How does bioprocessing work?
To create any kind of product using bioprocessing, scientists have to follow a particular workflow. Of course, there is some variation to the workflow depending on the desired product, but generally, bioprocessing follows these steps:
1. Sample collection - Before bioprocessing can begin, scientists need to gather the living organisms that produce the desired product, whether that's living cells, enzymes, bacteria or something else. The sample is then stored in a 'seed bank', where it will be kept alive until it's required for stage 2.
2. Cultivation of the sample - It's unlikely that scientists will have a large enough sample of the living organism to create the volume of desired product that they need. In order to scale up the initial sample, the living organisms are cultivated.
3. Culturing the cells - This is where things get interesting. The sample organisms are put into ideal conditions for them to start producing the desired molecules or product. It's vital that bioprocessing scientists monitor the cells carefully and do whatever they can to maximise the yield. After all, bioprocessing can be an expensive and lengthy process.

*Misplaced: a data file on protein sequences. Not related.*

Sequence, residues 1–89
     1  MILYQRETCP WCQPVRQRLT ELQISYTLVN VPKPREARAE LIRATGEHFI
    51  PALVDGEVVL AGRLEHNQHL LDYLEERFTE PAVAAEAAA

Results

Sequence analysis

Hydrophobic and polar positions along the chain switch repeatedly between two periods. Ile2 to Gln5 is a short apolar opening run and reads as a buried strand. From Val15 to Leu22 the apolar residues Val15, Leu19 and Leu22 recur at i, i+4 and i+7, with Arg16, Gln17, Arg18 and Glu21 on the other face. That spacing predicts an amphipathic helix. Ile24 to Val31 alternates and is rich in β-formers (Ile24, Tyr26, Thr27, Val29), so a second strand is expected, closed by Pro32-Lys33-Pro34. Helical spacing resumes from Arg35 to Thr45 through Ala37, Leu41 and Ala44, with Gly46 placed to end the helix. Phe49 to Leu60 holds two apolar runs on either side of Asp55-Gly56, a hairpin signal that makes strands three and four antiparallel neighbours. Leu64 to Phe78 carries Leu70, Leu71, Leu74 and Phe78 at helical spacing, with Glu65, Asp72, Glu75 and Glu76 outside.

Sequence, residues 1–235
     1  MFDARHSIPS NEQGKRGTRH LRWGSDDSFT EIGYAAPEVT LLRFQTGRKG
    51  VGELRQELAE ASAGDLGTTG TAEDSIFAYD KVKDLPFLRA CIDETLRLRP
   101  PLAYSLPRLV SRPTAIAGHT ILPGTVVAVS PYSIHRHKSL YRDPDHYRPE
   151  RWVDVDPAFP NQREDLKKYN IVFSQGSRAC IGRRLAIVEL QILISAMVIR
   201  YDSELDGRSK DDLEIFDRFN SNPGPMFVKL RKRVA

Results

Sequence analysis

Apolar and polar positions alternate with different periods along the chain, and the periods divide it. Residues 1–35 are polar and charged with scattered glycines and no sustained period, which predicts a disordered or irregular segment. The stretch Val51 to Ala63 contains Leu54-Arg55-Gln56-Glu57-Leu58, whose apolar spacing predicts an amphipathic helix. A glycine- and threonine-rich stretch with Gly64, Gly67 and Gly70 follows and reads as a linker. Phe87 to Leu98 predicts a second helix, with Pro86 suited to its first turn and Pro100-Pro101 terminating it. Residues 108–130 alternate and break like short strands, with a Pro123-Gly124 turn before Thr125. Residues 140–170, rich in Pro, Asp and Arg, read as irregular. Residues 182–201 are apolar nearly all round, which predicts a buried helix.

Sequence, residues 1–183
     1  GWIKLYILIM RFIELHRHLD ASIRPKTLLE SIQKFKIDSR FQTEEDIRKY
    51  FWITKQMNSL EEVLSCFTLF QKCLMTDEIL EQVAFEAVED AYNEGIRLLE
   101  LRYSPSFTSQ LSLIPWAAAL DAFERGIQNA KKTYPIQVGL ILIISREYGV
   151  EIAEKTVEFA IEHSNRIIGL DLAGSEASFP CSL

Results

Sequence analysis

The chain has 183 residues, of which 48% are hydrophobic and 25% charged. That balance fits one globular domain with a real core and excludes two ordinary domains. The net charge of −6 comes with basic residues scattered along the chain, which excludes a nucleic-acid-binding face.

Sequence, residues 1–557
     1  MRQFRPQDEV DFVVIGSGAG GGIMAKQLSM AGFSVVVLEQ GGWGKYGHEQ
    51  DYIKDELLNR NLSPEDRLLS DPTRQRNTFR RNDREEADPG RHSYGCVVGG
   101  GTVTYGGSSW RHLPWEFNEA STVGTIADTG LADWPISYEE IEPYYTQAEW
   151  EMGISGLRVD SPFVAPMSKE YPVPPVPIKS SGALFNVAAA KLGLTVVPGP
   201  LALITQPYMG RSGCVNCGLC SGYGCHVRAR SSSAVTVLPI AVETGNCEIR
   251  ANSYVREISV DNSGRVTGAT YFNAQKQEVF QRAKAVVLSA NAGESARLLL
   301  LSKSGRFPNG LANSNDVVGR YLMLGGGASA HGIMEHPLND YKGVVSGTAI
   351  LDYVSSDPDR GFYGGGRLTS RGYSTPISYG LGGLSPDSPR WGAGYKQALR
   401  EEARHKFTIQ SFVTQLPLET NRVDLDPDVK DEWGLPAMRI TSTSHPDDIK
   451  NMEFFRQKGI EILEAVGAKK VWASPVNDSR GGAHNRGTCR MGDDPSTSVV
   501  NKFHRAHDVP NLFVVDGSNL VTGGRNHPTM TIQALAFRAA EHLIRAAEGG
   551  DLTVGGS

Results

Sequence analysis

4. Harvesting - Once the biological process has taken place, scientists need to carefully separate the original sample cells from the desired product. This process is called 'harvesting'. Occasionally, the desired product will be produced inside the sample cells, at which point scientists refer to the separation process as 'recovery'.
5. Purification - To make sure that the product is clean and safe for use, scientists will take time to remove impurities, salts, solvents and will even check for viruses. This is vital, especially if the final product will be used to treat sick patients. There's always a chance of contamination when you're working with living cells, so this is a vital step!
6. Testing - Before being packaged and sent to the general public, scientists need to check that the harvested product does what it's supposed to do. Bioprocessing specialists will test the molecules and decide what the safest and most effective way to administer them is. This could include suspending the desired product in an aerosol, powder or liquid suspension.
7 - Packaging - Once the scientists are happy with the final product, it's packaged and labelled up ready to be transported to its final destination, whether that be a hospital,